We've heard several people wondering why Tulsa's police helicopter was in the air during the shooting of Terence Crutcher, and if officers on the ground thought they needed air support.
TPD said it keeps the chopper at the air park near 36th Street North and Tisdale and use it daily.
Where they keep the chopper is only three to four miles from where the shooting happened.
From the air, the chopper video shows the crew is looking for Officer Betty Shelby. She's been reporting that a man is refusing to follow her commands.
Crews in the air are connected to the same radio system as crews on the ground. So, just like the other patrol cars, they are tuned in if an officer needs back up.
Officer Jeanne MacKenzie said, "Any call a normal officer would respond to, our helicopter could respond as well."
Particularly on the day of the shooting; the crews flying the chopper had just taken off from the air park five minutes before the call went out and getting to the scene by air wouldn't have taken much time.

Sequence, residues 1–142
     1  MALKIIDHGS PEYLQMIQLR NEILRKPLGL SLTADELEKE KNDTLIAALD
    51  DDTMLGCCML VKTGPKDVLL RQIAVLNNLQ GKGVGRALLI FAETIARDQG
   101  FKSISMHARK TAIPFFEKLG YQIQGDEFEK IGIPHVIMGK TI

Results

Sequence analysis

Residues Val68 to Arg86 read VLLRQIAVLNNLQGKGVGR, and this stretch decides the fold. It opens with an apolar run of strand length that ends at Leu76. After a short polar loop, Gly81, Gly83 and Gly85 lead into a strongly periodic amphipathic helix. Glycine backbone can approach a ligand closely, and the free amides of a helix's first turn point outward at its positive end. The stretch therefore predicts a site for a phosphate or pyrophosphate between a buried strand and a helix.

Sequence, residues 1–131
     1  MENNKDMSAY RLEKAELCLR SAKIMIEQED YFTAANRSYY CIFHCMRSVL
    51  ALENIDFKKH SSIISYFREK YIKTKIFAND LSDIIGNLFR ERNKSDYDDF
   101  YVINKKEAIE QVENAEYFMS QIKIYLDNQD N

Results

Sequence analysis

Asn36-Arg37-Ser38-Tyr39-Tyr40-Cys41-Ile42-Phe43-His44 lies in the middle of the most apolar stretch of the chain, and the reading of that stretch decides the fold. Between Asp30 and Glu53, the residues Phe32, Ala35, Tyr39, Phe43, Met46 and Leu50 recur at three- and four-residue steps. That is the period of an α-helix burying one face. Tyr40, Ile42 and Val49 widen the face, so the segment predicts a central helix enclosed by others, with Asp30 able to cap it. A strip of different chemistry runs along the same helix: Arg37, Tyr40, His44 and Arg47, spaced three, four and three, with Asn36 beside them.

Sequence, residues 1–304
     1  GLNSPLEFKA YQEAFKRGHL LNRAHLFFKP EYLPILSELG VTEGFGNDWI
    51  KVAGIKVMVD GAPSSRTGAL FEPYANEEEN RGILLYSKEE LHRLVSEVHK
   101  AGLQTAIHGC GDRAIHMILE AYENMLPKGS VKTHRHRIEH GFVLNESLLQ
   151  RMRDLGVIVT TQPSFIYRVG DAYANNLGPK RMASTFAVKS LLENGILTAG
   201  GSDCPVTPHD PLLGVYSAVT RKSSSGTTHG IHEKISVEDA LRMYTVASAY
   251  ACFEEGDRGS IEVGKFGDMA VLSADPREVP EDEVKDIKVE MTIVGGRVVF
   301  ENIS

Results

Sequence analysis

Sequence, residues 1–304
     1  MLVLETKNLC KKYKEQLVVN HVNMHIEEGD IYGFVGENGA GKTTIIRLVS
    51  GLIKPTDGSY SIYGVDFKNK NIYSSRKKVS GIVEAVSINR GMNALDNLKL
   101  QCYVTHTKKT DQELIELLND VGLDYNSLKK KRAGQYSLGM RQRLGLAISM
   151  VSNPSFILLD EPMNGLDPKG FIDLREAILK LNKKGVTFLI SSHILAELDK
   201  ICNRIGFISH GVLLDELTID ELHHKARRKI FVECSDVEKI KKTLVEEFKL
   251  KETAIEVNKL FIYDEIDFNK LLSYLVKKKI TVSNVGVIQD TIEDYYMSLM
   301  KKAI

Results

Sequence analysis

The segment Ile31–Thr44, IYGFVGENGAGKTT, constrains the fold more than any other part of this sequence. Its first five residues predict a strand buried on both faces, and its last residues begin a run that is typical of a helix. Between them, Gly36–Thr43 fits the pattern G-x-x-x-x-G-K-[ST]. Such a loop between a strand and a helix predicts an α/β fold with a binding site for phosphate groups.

"It can get to a location quicker than a patrol vehicle can,” MacKenzie said. “What may take an officer three or four minutes to get some place the helicopter can be there, if it’s in the area, it can be there between 30 seconds to a minute."
MacKenzie said she can't talk about the specifics on why the chopper picked that scene to fly over, however, a chopper responding is quite common.
"We try to have it out as much as possible, so, not necessarily when you see it or hear it is something bad happening," she said.
As for Shelby being married to one of the men in the chopper, MacKenzie said that just happened to be the shift.
As for the video camera kicking on a recording, the pilots, just like ground crews, can activate it when responding to a scene.